"As in Kasim's film, it is incredible to hear of the things that people have experienced in their lives," Pachuchi continued. "People don't know the lives people were living before the invasion and how they changed afterwards. Each story is like a thread and in the end the threads are woven into a piece of cloth which is like a collective experience of the past 35 years of Iraq." The stories are heartbreaking and their telling devastating to watch. Family members are killed. Miscarriages are recounted. One woman, a nurse, is abducted, hit on the head with the butt of a gun, and held until she pays $20,000 (Dh73,460). When the kidnappers were arrested, they paid her $20,000 not to bring charges. The police begged her to. "What could I do?" she asked her fellow budding photographers. "I had to pay my bills."
But humour remains, as well. When the group comments on the how slim one of the women is in a photograph taken years ago, she says with a faint smile: "Well, you know, it was the American invasion." At the end of the month, the women returned to Iraq to take pictures of their lives, concentrating on one subject of their choosing. Then the woman returned to Damascus where they wrote essays and captions to accompany their photography. Eventually, there will be exhibitions of the photography and a book is planned, as well.
Because of the self-discovery process documented in Open Shutters Iraq, taking possession of the images that represent oneself becomes a multilayered idea. The concept of life's images goes from the generic-turned-personal - the family photo album - to the specific memory of a newly examined turning point that is called to mind by a photo that means nothing to someone else. And from there, the women learn to create their own images, those not framed by the unseen eye behind the family camera but conceptualised wholly by themselves, fuelled by the memories and desires of their own lives.
"You get a very strong sense in this film that even during a war, people continue to need to eat, they need to raise their children, they have to carry on their lives... and much of that falls to the women because the men have gone off to war. You meet people who were gone for 10 to 12 years to war," she continued. According to Pachuchi, the Iraqi artist is confronted with a particularly difficult environment in which to work. The horror of the war and violence is, as she puts it, "mind-boggling, difficult to grasp as a human being". But the creation of art is "almost an affirmation of self and an act of resistance, in a way".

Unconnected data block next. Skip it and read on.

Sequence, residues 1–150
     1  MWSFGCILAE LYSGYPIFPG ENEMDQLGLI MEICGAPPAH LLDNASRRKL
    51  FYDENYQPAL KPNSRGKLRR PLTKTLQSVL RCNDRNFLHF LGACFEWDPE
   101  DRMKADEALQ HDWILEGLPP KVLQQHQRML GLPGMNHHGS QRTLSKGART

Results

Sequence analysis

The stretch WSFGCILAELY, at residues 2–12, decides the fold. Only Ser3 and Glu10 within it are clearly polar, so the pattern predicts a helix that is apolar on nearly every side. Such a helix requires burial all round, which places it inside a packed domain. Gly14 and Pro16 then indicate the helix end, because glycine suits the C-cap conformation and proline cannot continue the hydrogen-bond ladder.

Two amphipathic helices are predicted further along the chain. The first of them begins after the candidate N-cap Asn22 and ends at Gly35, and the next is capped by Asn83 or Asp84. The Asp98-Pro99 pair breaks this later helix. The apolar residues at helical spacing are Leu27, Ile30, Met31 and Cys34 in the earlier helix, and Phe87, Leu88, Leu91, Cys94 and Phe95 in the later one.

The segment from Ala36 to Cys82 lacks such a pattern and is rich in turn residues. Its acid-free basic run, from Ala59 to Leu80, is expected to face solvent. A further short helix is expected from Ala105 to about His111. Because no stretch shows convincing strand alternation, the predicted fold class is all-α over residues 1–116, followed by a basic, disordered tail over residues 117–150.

Acts of resistance, of course, sometimes come with a price, and this is what Abid weighs as he fields offers from various broadcasters who have approached him about acquiring Life After the Fall. He has resisted taking on a sales agent who would sell the film for him, preferring instead to retain personal control of exactly where the film is shown. He is afraid that it could end up broadcast on a satellite channel available in Iraq, which could be dangerous for his family members who opened up so completely to his camera.
"I've had problems like that before," he explained. "A sales agent makes promises but then they sell it to someone who puts it on satellite and it is shown in Iraq." As for his family members who did not see the film until it was screened in Dubai, Abid says: "It was so immediate. I would see something, get my camera and start filming them. They were so direct and open. I don't think they really knew what was going on until they saw the film for the first time here in Dubai."
Whether it bothered them or not was difficult to say. During a panel discussion on documentary films, Abid told the audience that his family members were doing what anyone in Dubai for a short time would do. They were shopping. Both Abid and Pachuchi are equally passionate about their films and their work with the filmmaking centre in Baghdad. The centre is free of charge to students and operates on grants and donations from various sources around the world. It currently teaches directing and technical classes and the 11 films produced by students to date have been documentaries. "Given the situation in Iraq, it is very difficult to do anything else," explained Abid.
Free of charge or not, the centre is rigorous and has high expectations of those it enrols. Students are required to begin making films almost immediately upon enrolment. If they do not, Abid said they are shown the door. "We don't have a lot of money and it is all donated. We can't carry people who are not doing the work." Said Pachuchi: "It's one thing for me to go back and make a film or for Kasim to go back and make a film but we didn't live through sanctions or through the war. The kids there did. They've known virtually nothing else. They were in a position to tell stories and we wanted to give them the means to put their stories on the screen."
The 11 documentaries have received exposure at international festivals and been amply awarded. That alone is a testament to the nascent success of a very small movement to allow Iraqis to lay claim to the images of their own reality, a reality from which most of the world appears to prefer to avert its eyes.
"My mission," concluded Abid, "is to give a voice to the voiceless."
The first steps toward that goal have been taken. The next step is to make sure people listen.